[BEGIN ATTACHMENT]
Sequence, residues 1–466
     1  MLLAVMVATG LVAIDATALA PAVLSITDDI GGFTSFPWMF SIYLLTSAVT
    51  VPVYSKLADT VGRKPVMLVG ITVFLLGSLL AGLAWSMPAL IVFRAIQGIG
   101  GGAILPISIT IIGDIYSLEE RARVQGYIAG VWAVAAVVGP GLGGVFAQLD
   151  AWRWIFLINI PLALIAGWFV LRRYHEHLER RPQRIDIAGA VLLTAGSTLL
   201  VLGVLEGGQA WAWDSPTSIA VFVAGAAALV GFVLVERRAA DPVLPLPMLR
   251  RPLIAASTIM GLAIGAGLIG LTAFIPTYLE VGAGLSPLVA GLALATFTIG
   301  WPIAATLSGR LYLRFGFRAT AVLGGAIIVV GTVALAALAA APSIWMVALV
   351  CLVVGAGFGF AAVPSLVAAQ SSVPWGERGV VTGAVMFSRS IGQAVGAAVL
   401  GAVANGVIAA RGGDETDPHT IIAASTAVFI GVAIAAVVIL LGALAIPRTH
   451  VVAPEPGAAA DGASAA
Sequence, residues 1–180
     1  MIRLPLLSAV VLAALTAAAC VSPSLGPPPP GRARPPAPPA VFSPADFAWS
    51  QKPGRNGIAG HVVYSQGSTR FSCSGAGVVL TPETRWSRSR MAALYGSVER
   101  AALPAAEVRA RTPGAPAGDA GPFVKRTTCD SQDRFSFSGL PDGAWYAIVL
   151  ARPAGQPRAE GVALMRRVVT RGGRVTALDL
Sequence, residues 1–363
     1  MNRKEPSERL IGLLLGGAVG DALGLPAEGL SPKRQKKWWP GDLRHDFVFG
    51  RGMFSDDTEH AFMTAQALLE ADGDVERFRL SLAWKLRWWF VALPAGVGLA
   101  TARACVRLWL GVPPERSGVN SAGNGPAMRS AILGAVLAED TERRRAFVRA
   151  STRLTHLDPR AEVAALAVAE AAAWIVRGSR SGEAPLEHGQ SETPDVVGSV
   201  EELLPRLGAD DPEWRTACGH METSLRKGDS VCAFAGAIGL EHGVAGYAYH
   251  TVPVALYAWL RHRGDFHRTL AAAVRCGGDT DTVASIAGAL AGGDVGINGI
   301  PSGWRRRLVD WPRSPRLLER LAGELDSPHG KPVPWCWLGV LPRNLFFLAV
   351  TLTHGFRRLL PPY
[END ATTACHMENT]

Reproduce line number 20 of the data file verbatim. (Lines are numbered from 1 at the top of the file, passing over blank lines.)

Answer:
   101  TARACVRLWL GVPPERSGVN SAGNGPAMRS AILGAVLAED TERRRAFVRA